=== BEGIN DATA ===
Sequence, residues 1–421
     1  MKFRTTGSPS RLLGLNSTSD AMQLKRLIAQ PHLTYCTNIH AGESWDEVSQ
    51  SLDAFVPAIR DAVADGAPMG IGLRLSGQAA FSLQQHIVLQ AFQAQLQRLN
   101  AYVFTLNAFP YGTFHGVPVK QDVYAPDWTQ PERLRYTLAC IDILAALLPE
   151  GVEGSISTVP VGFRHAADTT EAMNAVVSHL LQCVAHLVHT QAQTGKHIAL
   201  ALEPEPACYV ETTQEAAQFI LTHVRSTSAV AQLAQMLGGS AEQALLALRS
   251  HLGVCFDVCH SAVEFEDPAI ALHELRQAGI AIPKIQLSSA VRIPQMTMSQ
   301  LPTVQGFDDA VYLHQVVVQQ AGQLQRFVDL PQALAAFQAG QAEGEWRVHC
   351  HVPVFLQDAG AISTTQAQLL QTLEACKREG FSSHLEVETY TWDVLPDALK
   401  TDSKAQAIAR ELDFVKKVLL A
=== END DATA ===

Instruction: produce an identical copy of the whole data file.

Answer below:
Sequence, residues 1–421
     1  MKFRTTGSPS RLLGLNSTSD AMQLKRLIAQ PHLTYCTNIH AGESWDEVSQ
    51  SLDAFVPAIR DAVADGAPMG IGLRLSGQAA FSLQQHIVLQ AFQAQLQRLN
   101  AYVFTLNAFP YGTFHGVPVK QDVYAPDWTQ PERLRYTLAC IDILAALLPE
   151  GVEGSISTVP VGFRHAADTT EAMNAVVSHL LQCVAHLVHT QAQTGKHIAL
   201  ALEPEPACYV ETTQEAAQFI LTHVRSTSAV AQLAQMLGGS AEQALLALRS
   251  HLGVCFDVCH SAVEFEDPAI ALHELRQAGI AIPKIQLSSA VRIPQMTMSQ
   301  LPTVQGFDDA VYLHQVVVQQ AGQLQRFVDL PQALAAFQAG QAEGEWRVHC
   351  HVPVFLQDAG AISTTQAQLL QTLEACKREG FSSHLEVETY TWDVLPDALK
   401  TDSKAQAIAR ELDFVKKVLL A